Given that I have thinking on hard times as we enter Holy Week, with many funerals to plan and reaching out to families, and with a sermon on Palm Sunday that focused on the attraction of a Savior who offered less power and prestige and more accessibility and healing I have been focused on support. What is support and where do we find it, how do we nurture it and celebrate it.
In my many, many conversations with people on how they find and name support “loyalty” and “unconditional” are two words I hear frequently cited. I must say neither word has much resonance for me. I have been in hard times and like many I remember well the quality and quantity of support I received. On those occasions it was neither loyalty nor unconditional support that I valued. In hindsight what I needed then was honesty, humility and hope. From those who said, “you did nothing wrong, you are not at fault here, it is all them” I could tell they were disappointed I did not express more gratitude. Frankly these words sounded more like “taking sides”, people were lining up and those who told me they were with me said less about how I was and what the issue was than which side they had chosen.
I never want people to take sides. I never take sides. I believe people should be consistent, see the truth, side with the truth, support the truth and tell our friends and family the truth. Obviously we love our family and friends and we want them to see hope. I tell people challenged by issues and situations I am with them, here to support them no matter what. But when asked to share with them what I see I speak my truth, I tell them where I see the truth. But first I tell them a story of my own struggles, of my own shortcomings, of how I fall short and how I try to live into the truth. There are no lies or liars, only flawed people trying to live the truth as imperfectly as we are. I am 100% with the other but I also am with the truth, as least as I see it.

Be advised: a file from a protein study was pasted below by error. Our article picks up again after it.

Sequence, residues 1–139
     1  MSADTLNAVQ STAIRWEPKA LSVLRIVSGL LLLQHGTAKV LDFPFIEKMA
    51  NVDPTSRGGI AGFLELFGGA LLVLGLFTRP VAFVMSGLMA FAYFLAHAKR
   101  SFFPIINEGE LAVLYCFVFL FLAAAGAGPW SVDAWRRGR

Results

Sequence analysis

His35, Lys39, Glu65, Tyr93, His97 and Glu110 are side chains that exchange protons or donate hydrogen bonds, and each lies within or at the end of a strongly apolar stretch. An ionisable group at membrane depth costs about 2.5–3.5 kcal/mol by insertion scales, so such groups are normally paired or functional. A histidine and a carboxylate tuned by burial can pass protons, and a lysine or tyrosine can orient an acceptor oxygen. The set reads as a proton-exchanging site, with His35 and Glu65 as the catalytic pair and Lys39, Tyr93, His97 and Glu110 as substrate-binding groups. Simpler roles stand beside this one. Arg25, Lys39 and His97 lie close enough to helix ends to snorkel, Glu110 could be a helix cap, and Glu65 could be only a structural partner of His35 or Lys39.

That’s what I want from my friends and family. Those people who spoke to me with love and truth in those hard times have my deep gratitude. I knew I was not perfect in those situations and I knew I was also being blamed for things that were not my fault. Those who offered me wisdom could affirm my mistakes and my virtues. They were no “yes people” or “mean people”, they neither told me what I wanted to hear, nor were they people who kicked me when I was down. There were plenty of them!
But the advice, counsel and support I valued the most came from a place of care, honesty and humility, people who had also screwed up (isn’t that all of us?), people who loved me and people who knew how to tell me what I might not have wanted to hear. I could hear them, in large part because I knew they cared about me, because of their humility and because they had some track record in my experience with being truthful about reality.
I also don’t think people who choose sides, whose loyalty colours their opinions, who tell the people they love what they want to hear, are doing their friend any favours. In the end there the patterns of behavior that get us in trouble will eventually take their toll unless those who love us get there first. The only thing that can save us from ourselves are those who love us when they are being honest with us.
I don’t use truthful as the opposite of lie, I use truthful as the opposite of speaking from and for one’s own. Loyalty is often a layer we use to speak something other than the truth, loyalty is often a way of shading the truth to make it come out as “we” over “them”. I don’t see the world as “we” and “them”, I see the world as one large collection of flawed people trying to stumble into the truth with the aid of wise mentors.
I honour and affirm support that has come to me in this fashion, I have learned from it and I am a better person/Christian because of it/them. Thank you.